Can you believe it? How dramatic can you get?I know her husband is Italian, but I really don't think he's likely to kill the pair of them. He's a waiter, not a Mafia stooge, so what's he going to do? Black pepper them to death? Compliment them into a coma? Run them over with the dessert trolley?

But again, I seem flippant.

I'm not.

I'm heartbroken.

And it's all such a disaster. I don't even know what to call my little girl. James and I had discussed some names -- or, in retrospect, I had discussed them and he had pretended to listen -- but we hadn't decided on anything definite. And I seem to have lost the ability to make decisions on my own. Pathetic, I know, but that's marriage for you. Bang goes your sense of personal autonomy!

I wasn't always like this. Once I was strong-willed and independent. But that all seems like a long, long time ago.

I've been with James for five years, and we've been married for three years. And, my God, but I love that man.

Although we had a less than auspicious start, the magic took hold of us very quickly. We both agree that we fell in love about fifteen minutes after we met and we stayed that way.

Or at least I did.

For a long time I never thought I'd meet a man who wanted to marry me.

Well, perhaps I should qualify that.

I never thought I'd meet a nice man who wanted to marry me. Plenty of lunatics, undoubtedly. But a nice man, a bit older than me, with a decent job, good-looking, funny, kind. You know-one who didn't look at me askance when I mentioned The Partridge Family, not one who apologized for not being able to get me a birthday present because his estranged wife had taken all his salary under a court maintenance order, not one who made me feel old-fashioned and inhibited because I got angry when he said that he'd screwed his ex-girlfriend the night after he screwed me ("My God, you convent girls are so uptight"), not one who made me feel inadequate because I couldn't tell the difference between Piat d'Or and Zinfandel (whatever that is!).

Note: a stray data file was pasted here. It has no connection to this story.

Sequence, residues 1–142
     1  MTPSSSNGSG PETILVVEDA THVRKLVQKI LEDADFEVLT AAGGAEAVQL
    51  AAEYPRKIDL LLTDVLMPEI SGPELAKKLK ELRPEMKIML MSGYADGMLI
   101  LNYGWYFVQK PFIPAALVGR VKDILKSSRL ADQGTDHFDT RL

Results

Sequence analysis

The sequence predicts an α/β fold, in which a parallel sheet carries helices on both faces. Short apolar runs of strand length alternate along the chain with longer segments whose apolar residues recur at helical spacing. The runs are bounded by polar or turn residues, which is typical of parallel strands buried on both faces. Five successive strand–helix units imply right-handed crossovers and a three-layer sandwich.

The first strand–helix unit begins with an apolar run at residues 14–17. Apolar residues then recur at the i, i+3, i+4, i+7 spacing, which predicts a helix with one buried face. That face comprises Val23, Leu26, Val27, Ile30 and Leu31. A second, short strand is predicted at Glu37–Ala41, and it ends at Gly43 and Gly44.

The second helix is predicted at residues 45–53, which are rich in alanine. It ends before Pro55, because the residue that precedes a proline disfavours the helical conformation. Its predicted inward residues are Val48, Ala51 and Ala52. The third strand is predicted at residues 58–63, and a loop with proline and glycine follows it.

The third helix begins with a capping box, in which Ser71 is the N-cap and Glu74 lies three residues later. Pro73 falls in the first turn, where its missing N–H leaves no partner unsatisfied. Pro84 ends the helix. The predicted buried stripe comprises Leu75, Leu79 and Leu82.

James didn't treat me in any of these unpleasant ways. It seemed almost too good to be true. He liked me. He liked almost everything about me.

When we first met we were both living in London. I was waitress (more of that later) and he was an accountant.

Of all the Tex-Mex joints in all the towns in all the world, he had to walk into mine. I wasn't a real waitress, you understand, I had a degree in English, but I went through my rebellious stage rather later than most, at about twenty-three. Which is when I thought it might be a bit of a laugh to give up my permanent, wellish-paid job in Dublin and go off to the Godless city of London and live like an irresponsible student.

Which is something I should have done when I was an irresponsible student. But I was too busy getting work experience during my summer holidays then, so my irresponsibility just had to wait until I was good and ready for it.

Like I always say, there's a time and a place for spontaneity.

Anyway, I had managed to land myself a job as a waitress in this highly trendy London restaurant, all loud music and video screens and minor celebrities.

Well, to be honest, there were more minor celebrities on the staff then amongst the clientele, what with most of the staff being out-of-work actors and models and the like.

How I ever got a job there at all is beyond me. Although I might have been employed as the token Wholesome Waitress. To begin with I was...

Watermelon. Copyright © by Marian Keyes. Reprinted by permission of HarperCollins Publishers, Inc. All rights reserved. Available now wherever books are sold.